Everyone in the room was hoping for more seats — but New Democrat supporters in Burnaby, B.C., were still all smiles on Monday night.
The room erupted in applause and dancing as party leader Jagmeet Singh entered the room and took the stage. His party lost 15 seats, but that didn't stop him from being full of energy. Maybe because the 24 remaining NDP seats potentially hold a lot more power in a Liberal minority government.
Singh centred reconciliation and affordability in his speech, starting with acknowledging the territories of the Squamish, Tsleil-Waututh, Musqueam and Kwikwetlem First Nations before thanking the volunteers and his family.
Singh went on to acknowledge Grassy Narrows, ON, a community which has suffered for decades from mercury contamination. Before the writ dropped the Liberal government was in talks with the community about a care facility for people plagued by mercury poisoning. Singh visited Grassy Narrows (or Asubpeeschoseewagong First Nation) and promised an NDP government would invest $1.8 billion to ensure every Indigenous community has access to clean drinking water.
On Monday night, he said Grassy Narrows is "a community that represents the injustice, historically and ongoing, that Indigenous people continue to face."
"There are people in Grassy Narrows who are so resilient in the face of neglect and negligence and being ignored," he said. "We brought the national campaign to Grassy Narrows to let them know they do matter."
The NDP says Singh is the first federal party leader to visit Grassy Narrows and report from the territory. Grassy Narrows Chief Rudy Turtle ran for the NDP in Kenora, ON, but came third to the Conservatives and Liberals. The NDP ran 27 Indigenous candidates — the most of any party — but only two were elected: Leah Gazan in Winnipeg Centre and Mumilaaq Qaqqaq in Nunavut.
The crowd at Monday night's event met Singh's commitments to Indigenous peoples with boisterous enthusiasm, breaking into an uproarious cheer when Singh said "we want Canada [to be] a nation that takes reconciliation seriously," which the audience met with an uproarious cheer.
While land acknowledgements have become common across the country, only Singh and Elizabeth May did acknowledgements in their election night speeches. Justin Trudeau made one reference to making reconciliation a priority in a French section of his speech.
While he didn't speak to Indigenous Peoples, Trudeau did speak directly to Alberta and Saskatchewan, which saw a blue wave of Conservatives.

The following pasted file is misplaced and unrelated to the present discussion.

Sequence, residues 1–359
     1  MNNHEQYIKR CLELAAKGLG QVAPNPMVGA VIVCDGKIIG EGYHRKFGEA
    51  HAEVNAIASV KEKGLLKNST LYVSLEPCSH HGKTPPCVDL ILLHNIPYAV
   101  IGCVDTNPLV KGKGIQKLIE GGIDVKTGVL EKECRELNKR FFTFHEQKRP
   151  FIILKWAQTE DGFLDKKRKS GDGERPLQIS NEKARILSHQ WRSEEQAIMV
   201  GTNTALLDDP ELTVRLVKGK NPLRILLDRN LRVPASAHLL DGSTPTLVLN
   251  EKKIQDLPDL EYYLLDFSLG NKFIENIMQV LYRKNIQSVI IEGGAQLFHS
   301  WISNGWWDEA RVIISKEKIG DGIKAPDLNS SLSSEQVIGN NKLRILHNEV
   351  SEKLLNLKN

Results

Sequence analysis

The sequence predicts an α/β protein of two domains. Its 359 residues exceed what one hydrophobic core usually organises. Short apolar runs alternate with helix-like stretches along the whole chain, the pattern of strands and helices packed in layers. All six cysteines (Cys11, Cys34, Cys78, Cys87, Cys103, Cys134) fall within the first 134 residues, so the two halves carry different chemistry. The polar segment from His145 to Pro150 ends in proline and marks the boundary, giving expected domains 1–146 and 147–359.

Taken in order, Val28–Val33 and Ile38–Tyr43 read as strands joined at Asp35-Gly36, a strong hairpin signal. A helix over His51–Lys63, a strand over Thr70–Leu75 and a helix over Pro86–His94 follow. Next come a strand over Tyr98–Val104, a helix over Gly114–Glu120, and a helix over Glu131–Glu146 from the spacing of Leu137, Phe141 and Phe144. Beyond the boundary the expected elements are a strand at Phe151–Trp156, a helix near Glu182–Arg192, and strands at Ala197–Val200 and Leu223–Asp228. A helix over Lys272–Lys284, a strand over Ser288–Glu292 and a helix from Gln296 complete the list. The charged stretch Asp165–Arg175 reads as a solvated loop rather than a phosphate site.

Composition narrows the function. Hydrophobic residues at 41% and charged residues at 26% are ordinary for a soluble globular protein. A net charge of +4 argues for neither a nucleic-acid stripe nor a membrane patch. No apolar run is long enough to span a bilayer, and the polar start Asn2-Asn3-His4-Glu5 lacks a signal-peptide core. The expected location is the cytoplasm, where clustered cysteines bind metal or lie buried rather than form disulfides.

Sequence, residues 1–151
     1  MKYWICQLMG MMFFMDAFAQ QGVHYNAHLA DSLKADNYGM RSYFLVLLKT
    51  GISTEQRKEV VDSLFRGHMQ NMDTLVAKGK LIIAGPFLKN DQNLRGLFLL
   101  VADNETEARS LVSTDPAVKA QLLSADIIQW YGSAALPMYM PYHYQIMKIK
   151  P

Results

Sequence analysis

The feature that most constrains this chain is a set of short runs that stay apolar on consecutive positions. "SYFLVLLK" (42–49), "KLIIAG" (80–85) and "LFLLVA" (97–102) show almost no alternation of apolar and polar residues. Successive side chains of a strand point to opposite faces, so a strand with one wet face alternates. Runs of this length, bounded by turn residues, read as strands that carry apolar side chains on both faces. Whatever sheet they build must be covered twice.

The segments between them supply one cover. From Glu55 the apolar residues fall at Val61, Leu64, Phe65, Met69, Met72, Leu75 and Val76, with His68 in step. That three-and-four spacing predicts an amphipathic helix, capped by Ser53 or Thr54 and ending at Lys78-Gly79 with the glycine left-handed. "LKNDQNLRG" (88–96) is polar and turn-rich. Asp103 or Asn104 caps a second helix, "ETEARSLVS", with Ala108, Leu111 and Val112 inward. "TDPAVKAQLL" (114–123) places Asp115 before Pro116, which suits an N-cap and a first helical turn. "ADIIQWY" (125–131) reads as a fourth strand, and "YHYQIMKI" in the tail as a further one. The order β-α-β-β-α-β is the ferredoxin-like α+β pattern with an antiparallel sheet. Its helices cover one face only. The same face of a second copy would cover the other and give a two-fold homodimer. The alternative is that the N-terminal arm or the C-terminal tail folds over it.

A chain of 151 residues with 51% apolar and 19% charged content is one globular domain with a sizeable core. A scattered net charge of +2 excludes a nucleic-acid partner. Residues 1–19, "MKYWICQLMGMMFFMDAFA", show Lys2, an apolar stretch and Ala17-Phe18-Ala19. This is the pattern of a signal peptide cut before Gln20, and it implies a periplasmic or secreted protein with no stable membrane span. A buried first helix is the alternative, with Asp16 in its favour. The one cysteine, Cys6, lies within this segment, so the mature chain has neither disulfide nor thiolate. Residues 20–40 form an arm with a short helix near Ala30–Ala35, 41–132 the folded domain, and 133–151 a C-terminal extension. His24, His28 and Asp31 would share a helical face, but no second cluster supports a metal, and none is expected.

"I've heard your frustrations, and I want to be there to support you," he said.
Meanwhile, in Regina, Andrew Scheer said this election is the "first step" to the Conservatives beating the Liberals. He said that "nation-building projects remain under attack, leaving thousands of Canadians out of work and holding back our nation's potential."
While he didn't mention Indigenous Peoples directly, the language echoes a comment he made in a leaders' debate on Sep. 12, when he said “We cannot create a system in this country where one group of individuals, one Indigenous community, can hold hostage large projects that employ so many Indigenous Canadians,” he said.
May acknowledged the Esquimalt, Songhees and WSÁNEĆ peoples at her event in Victoria. She also said she was "heartbroken" that their candidate Racelle Kooy, from Samahquam First Nation, did not win in the Victoria riding, who she said was a "spectacular Indigenous woman whose voice I wanted to hear in parliament."
Minority government an 'incredible opportunity,' says Singh
Singh also emphasized affordability, and promised to push the NDP's platform in Ottawa.
He listed single-payer pharmacare, affordable housing, waving interest on student loans, and capping cell phone bills as commitments.
While there's been no word of a formal coalition, he said "if the other parties work with us, we have an incredible opportunity."
One supporter, Rajinder Pandher said he was optimistic that the NDP will have more influence in a minority government.
“It doesn’t matter what the result is. The enthusiasm, the leadership he gave to the masses, to the young ones — it’s par excellence,” he said.
NDP supporter Leo Lin recently became a citizen and was voting for the first time. He said he was disappointed by what he called Liberal “scare tactics” to dissuade people from voting NDP and Green, by saying it could split the vote and result in a Conservative government.
“We’re figuring that worked,” he said, looking at the results. “We were hoping NDP would have more seats.”
But the mood remained mostly celebratory, with the crowd breaking out into dancing and cheers while Singh circulated the room for nearly an hour following his speech.
The NDP took 11 seats in B.C., tied with the Liberals. The Conservatives won 17 seats in the province and the Greens kept their two existing seats. Meanwhile, Jody Wilson-Raybould won her much-watched race as an independent in Vancouver-Granville.